Geography of Ford County, Illinois

Geography of Ford County, Illinois

Ford County, situated in the east-central part of the state of Illinois, is a region defined by its fertile agricultural land, gently rolling prairies, and vibrant rural communities. Spanning an area of approximately 486 square miles, the county offers a mix of rural charm, small-town hospitality, and scenic landscapes. This article will delve into the geography, climate, rivers, lakes, and other notable features that shape Ford County. Check allunitconverters to learn more about the state of Illinois.

Physical Features:

  • Prairies: Ford County is part of the vast prairie region of Illinois, known for its flat to gently rolling terrain and expansive grasslands. Historically, the county was covered by tallgrass prairie, characterized by tall grasses such as big bluestem, little bluestem, and Indian grass, as well as wildflowers and native shrubs. While much of the original prairie has been converted to agricultural land, remnants of native prairie can still be found in protected areas and conservation reserves throughout the county.
  • Kankakee Moraine: The northeastern part of Ford County is characterized by the presence of the Kankakee Moraine, a glacial landform formed during the last Ice Age. The moraine consists of rolling hills, ridges, and kettle lakes, created by the movement and melting of glaciers. The moraine provides habitat for a variety of plant and animal species and offers scenic vistas of the surrounding countryside.
  • Vermilion River: The Vermilion River is one of the major waterways in Ford County, meandering through the county from northwest to southeast. The river originates in the glacial moraines of northeastern Illinois and flows for approximately 74 miles before joining the Illinois River. The Vermilion River and its tributaries provide habitat for fish, birds, and other wildlife and offer opportunities for fishing, canoeing, and wildlife viewing.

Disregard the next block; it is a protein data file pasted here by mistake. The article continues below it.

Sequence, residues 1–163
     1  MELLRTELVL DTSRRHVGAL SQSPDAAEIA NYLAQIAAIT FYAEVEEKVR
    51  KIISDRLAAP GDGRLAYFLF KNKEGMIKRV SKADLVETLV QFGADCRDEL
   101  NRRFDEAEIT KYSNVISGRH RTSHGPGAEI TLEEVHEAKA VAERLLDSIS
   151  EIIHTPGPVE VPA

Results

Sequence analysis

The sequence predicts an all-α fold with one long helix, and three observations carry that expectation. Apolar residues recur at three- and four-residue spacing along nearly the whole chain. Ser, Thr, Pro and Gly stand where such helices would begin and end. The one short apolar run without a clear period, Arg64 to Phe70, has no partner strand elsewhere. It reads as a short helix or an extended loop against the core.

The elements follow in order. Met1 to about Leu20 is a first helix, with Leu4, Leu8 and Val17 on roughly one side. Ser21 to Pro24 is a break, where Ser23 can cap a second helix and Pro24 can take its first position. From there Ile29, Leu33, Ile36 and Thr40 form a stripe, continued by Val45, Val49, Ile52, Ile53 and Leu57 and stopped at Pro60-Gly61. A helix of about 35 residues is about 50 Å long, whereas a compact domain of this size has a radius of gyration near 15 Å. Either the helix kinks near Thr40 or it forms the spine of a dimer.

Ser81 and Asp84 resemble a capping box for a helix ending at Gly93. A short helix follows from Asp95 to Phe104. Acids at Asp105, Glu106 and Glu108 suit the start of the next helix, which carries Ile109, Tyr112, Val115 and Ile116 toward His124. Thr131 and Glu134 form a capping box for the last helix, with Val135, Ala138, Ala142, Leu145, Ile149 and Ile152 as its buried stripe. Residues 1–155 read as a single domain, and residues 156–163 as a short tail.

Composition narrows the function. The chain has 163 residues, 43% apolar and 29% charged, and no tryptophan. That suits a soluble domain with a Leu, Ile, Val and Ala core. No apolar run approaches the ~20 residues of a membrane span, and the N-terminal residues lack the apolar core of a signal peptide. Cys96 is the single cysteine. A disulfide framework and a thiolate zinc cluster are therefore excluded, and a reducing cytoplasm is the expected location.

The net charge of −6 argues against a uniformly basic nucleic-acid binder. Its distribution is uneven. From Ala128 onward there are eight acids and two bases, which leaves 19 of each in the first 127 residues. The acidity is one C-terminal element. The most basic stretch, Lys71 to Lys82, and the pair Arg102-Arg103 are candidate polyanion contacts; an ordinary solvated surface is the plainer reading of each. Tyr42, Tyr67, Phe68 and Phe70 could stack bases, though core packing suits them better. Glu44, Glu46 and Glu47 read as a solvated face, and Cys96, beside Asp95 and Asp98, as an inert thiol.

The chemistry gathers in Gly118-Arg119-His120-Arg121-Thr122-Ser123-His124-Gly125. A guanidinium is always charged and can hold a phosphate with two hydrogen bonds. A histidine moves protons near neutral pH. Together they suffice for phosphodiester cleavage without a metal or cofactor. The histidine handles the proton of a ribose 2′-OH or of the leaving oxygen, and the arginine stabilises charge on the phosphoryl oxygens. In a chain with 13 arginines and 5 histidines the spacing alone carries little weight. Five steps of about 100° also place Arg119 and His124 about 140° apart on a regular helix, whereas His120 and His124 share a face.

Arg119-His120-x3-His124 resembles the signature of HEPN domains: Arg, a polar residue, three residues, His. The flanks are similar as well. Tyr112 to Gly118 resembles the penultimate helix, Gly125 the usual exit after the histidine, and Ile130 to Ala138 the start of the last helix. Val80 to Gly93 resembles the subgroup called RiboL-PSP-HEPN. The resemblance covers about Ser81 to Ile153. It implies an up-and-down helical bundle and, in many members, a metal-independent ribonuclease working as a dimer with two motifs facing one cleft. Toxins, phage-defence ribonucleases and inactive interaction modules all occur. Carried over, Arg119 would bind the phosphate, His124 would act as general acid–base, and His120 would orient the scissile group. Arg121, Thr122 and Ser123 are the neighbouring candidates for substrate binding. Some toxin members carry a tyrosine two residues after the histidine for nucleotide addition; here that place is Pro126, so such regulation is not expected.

Ford County experiences a humid continental climate, characterized by four distinct seasons, moderate precipitation, and a wide range of temperatures throughout the year.

  • Summer: Summers in Ford County are warm and humid, with daytime temperatures typically ranging from the upper 70s to the low 90s°F (25-35°C). Heatwaves are common during the summer months, with temperatures occasionally exceeding 100°F (38°C). Thunderstorms are frequent, bringing heavy rain, lightning, and gusty winds to the region. Despite the heat, summer is a busy time for outdoor activities such as camping, hiking, and fishing.
  • Fall: Fall in Ford County is characterized by mild temperatures, crisp mornings, and vibrant foliage. Daytime temperatures gradually cool, with highs ranging from the 60s to the 70s°F (15-25°C). Fall is a popular time for outdoor recreation such as hiking, birdwatching, and apple picking, as well as festivals and events celebrating the harvest season.
  • Winter: Winters in Ford County are cold and snowy, with daytime temperatures typically ranging from the 20s to the 30s°F (-6 to -1°C). Snowfall is common, particularly in January and February, with the county receiving an average of 20-30 inches of snow annually. Cold fronts from the north can bring frigid temperatures and blustery winds, creating hazardous conditions. Winter activities such as sledding, ice skating, and cross-country skiing are popular in the county’s parks and recreational areas.